Cannon Fodder (Amiga)

by PaulEMoz

I figured that, seeing as I've got my Amiga out and haven't used it much this month, I'd stick with it for today's write-up. And sitting on the top of one pile was Cannon Fodder, the renowned Sensible Software classic, and a game that I'd never really fancied before today, to be honest.

If you ask me why I've never fancied it, it's probably because I expected a game that was like an advanced version of Commando, and it turned out to be a game where you use a mouse to point at little men and drag them all around a map, completing objectives along the way. I've never been a big fan of those games... right from Command & Conquer, which was probably the first game of its type that I played. I just don't have the right kind of brain for those games (see also: puzzle games). But Cannon Fodder, whilst being one of the first of those types, is less complicated than the genre eventually morphed into, and as a result, more fun for me.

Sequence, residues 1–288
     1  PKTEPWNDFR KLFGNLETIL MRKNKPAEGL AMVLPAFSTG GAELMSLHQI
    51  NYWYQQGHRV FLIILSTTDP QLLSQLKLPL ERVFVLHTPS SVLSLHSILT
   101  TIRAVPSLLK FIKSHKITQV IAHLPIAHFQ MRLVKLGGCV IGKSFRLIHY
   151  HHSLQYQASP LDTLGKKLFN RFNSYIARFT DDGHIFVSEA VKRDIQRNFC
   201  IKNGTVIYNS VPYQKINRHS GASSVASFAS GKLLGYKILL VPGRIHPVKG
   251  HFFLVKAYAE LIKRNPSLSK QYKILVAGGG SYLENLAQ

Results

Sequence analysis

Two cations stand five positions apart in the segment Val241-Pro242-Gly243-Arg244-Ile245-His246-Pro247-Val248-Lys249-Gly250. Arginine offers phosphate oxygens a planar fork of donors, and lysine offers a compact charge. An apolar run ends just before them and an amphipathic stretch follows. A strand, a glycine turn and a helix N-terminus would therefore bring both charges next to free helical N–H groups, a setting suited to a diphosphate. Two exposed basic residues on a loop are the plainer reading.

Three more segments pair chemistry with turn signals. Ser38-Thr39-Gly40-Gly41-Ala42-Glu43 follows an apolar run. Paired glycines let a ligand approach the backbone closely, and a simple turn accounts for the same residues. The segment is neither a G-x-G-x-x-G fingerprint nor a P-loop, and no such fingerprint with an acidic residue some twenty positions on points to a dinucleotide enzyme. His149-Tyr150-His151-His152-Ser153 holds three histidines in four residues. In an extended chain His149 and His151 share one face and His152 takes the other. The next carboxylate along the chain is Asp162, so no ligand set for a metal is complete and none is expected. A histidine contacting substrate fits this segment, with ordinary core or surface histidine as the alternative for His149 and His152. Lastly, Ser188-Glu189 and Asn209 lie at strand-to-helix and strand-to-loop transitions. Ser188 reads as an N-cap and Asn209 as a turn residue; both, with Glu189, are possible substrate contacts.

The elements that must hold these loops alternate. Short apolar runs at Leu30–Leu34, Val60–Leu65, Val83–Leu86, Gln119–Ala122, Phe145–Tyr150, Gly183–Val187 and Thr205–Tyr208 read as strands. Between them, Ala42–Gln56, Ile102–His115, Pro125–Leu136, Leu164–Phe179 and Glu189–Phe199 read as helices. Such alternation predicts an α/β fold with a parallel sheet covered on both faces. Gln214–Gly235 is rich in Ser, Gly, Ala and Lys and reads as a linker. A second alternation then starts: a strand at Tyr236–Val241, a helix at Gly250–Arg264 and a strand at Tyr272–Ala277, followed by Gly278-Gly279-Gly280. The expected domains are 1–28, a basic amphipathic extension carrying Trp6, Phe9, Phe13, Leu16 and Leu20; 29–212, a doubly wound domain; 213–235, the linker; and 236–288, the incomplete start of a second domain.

Cannon Fodder is produced with a typical vein of Sensible Software humour running through it, but it also hits a solemn, sombre note. Each of the men you take to battle has a name, and whilst they rack up kill totals in macho fashion, you feel a pang of loss when one of them finally buys it. Hitting home harder still is the way new recruits blindly line up for battle by the hillside... a hillside that fills up with little white crosses as your men fall by the wayside. It's oddly poignant, and gives you pause for reflection...

...and then you pile back into the fray again. Cannon Fodder has a lot of levels, and they're well designed and fun to play with a pretty good learning curve, meaning that even the most hopeless strategist should be able to get a handle on things and make satisfying progress.

The only real issue I had with Cannon Fodder is that my men kept coming to grief because the mouse didn't respond properly. But that's because it's an old mouse and I didn't have a suitable surface for it. Other than that, Cannon Fodder may well live up to its claim that "War Has Never Been So Much Fun".